Media Economics: Applying Economics to New and Traditional Media differs from ordinary media economic texts by taking a conceptual approach to economic issues. As the book progresses through economic principles, authors Colin Hoskins, Stuart McFadyen, and Adam Finn use cases and examples to demonstrate how these principles can be used to analyze media issues and problems. Media Economics emphasizes economic concepts that have distinct application within media industries, including corporate media strategies and mergers, public policy within media industries, how industry structure and changing technologies affect the conduct and performance of media industries, and why the United States dominates trade in information and entertainment.  

Introduction and Overview
Introduction and overview
Why Media Economics?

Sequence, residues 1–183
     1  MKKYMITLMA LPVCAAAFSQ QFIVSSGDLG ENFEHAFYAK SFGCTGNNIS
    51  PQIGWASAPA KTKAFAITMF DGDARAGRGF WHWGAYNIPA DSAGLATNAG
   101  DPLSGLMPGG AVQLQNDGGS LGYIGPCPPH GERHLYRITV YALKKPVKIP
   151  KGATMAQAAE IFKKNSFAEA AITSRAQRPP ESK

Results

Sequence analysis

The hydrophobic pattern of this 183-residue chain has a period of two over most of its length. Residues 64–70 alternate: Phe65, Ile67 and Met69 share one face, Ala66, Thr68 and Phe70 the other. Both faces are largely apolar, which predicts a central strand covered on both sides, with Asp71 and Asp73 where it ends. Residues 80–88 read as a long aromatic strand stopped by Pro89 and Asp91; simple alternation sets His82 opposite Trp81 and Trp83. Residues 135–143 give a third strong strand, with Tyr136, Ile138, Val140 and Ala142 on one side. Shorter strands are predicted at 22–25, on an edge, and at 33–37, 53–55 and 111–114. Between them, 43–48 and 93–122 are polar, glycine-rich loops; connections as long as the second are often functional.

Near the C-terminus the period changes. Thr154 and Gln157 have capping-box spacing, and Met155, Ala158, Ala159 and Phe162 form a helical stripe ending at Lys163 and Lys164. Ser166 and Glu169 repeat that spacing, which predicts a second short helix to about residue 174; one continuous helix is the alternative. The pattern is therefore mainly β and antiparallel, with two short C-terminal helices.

This book sets out the economic principles and concepts needed to understand media industries and issues. Most of the applications are real-world examples drawn from countries such as the United States, Canada, the United Kingdom, and Australia.

Media industries have customarily been defined in terms of a distinct product distributed in a particular way—books, magazines, television, radio, music, film, and video, for instance.

In the new digital economy, the content provided by many of these formerly distinct industries can be distributed via the Internet and read, viewed, or listened to on a personal computer (PC). E-mail can be read on a TV screen, and telephone messages can be routed over the Internet. With convergence, companies such as AOL-Time Warner in ...

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